Aki Schilz on Tough Loving Care:
The Real Value of Professional Feedback


The Free Reads Scheme is a fantastic initiative run by The Literary Consultancy, funded by Arts Council England and supported by partners across the UK, for talented, low-income writers to get professional feedback on their work. In this blog, TLC’s director, Aki Schilz writes about the incredible impact the scheme has had on writers and the value of getting professional feedback…

“I think at some level I thought ‘that novel is finished and it is ready to send out and I will start the next one’- and I got my TLC manuscript assessment… I remember being utterly devastated when I read it… Of course there were positive things – I would not be a published novelist now if there had not been, but mainly it was about the stuff that was wrong with it. And then a few weeks later you sit down quietly and read it and go ‘Okay, fair enough, very sensible… I went absolutely back to the drawing board and did what they said and took it all onboard.”

‘The above is taken from a transcript of one of a series of anonymised interviews, commissioned by TLC and conducted by Audience Agency, to look into the impact of our core manuscript assessment service. We have been offering manuscript assessment commercially since 1996, and since 2001 on a bursaried basis to low-income and marginalised writers through the ACE-funded Free Reads Scheme.  So why have I chosen a statement recording how devastated a writer was to have received feedback, as a way of pointing out how impactful it is? Why not pick out a glowing testimonial: ‘a masterclass’, ‘transformative’, ‘worth every penny’, ‘I would not have secured an agent without TLC’ – all of these are real things our writers have said, and many are thrilled with the feedback given. But there’s something about the quotation above that really resonates with me, that goes right back to our founding principles. We were set up, and still operate, not to promise a golden ticket to a publishing deal (be very wary of anyone trying to sell you one, it’s likely snake oil), but to help writers get a better sense of themselves. To empower them to become better critical editors of their own work, and thereby become better writers.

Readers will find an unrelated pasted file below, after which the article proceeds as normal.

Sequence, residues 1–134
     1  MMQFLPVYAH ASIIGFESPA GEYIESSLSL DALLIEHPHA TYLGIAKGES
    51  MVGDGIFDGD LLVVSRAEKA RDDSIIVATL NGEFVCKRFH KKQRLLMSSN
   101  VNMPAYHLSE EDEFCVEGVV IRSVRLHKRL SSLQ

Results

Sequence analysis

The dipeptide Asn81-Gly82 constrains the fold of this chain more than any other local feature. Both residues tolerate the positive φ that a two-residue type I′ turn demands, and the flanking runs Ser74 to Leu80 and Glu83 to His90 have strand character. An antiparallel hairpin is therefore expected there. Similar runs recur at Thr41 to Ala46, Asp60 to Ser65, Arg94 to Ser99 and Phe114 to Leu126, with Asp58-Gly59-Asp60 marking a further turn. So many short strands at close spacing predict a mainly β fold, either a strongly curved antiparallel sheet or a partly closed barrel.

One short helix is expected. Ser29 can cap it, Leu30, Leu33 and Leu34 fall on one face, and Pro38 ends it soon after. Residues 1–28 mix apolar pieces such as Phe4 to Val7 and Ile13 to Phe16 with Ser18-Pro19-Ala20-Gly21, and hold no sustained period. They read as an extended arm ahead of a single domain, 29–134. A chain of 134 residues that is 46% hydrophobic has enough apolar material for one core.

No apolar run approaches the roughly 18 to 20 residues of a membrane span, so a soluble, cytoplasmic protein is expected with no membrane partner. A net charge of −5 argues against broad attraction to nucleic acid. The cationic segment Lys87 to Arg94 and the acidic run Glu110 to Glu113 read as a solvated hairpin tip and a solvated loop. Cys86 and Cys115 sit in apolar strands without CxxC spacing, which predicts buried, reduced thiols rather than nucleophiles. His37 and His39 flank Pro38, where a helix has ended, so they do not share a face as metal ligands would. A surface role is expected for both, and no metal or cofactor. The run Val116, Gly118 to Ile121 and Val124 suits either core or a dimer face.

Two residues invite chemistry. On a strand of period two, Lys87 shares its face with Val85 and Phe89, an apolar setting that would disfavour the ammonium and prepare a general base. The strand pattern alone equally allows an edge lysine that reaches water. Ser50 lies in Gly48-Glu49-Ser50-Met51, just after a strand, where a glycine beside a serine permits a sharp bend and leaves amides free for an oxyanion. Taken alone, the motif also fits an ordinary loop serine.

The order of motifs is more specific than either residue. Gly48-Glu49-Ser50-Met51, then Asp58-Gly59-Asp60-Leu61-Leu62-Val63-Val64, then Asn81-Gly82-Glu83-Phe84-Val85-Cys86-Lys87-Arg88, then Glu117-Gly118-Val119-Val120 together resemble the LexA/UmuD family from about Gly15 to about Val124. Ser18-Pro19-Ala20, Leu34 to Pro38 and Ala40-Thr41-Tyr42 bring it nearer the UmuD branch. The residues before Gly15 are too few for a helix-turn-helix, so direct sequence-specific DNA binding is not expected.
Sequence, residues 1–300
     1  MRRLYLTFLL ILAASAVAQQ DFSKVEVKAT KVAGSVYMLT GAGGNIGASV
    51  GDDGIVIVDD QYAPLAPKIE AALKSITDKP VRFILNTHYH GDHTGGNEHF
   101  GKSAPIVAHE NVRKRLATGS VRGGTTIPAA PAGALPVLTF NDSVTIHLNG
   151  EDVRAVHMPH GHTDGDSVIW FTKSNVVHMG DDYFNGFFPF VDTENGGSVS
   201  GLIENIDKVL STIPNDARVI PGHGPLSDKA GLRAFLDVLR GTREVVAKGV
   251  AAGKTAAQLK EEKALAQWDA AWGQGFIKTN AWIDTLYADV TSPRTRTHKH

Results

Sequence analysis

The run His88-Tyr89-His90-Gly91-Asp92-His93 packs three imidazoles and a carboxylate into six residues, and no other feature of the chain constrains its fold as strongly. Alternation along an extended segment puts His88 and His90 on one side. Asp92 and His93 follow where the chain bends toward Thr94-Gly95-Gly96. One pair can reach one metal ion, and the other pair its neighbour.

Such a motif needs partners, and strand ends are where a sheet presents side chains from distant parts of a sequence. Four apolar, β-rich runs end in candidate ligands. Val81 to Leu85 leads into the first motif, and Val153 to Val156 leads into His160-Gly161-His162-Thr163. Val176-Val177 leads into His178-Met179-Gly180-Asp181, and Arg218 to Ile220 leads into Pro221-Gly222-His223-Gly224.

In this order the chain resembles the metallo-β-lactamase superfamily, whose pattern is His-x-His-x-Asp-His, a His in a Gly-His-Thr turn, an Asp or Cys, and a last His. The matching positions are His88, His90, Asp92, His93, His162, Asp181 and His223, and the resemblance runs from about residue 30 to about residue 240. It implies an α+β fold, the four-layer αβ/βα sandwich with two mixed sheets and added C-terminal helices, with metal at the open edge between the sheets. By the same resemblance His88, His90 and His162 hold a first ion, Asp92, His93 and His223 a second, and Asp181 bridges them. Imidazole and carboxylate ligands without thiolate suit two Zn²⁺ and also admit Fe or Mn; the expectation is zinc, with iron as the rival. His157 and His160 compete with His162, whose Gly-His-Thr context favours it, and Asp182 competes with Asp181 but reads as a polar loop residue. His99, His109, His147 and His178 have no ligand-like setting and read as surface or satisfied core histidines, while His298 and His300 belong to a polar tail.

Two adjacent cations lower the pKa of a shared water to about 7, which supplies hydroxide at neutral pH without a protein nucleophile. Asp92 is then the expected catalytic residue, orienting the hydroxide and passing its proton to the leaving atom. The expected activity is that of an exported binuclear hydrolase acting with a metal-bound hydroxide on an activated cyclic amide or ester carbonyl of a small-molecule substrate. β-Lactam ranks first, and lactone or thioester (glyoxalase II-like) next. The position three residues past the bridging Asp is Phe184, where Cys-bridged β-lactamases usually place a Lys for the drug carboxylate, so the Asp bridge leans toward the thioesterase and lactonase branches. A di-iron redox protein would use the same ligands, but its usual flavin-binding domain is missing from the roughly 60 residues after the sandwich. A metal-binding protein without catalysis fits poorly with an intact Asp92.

Along the way, writers who have had editorial intervention from us have gone on, yes, to be published (upwards of 300 so far, in fact), recommended by Oprah, made into films, and selling hundreds of thousands of copies. But they’ve also gone on to publish with brilliant indie presses, and to self-publish, and all sorts else, with just as much satisfaction. They’ve gone on to secure funding for other writing, to enrol on writing MAs having discovered a passion for writing, to re-write work submitted to us, and to write entirely new work. To me, these are all valid and exciting outcomes.

I’ve been thinking a lot about how we define creative success lately (and have written a short blog about this here). I believe there is a real and deep-seated need for advice that cuts through the noise, that saves a writer from longterm heart-ache, by offering them, right here and now, a view on their work that helps them shift their perspective. That helps them understand what needs fixing, and how to fix it. That’s exactly what a TLC manuscript assessment provides, and you can hear directly from writers who have benefited here.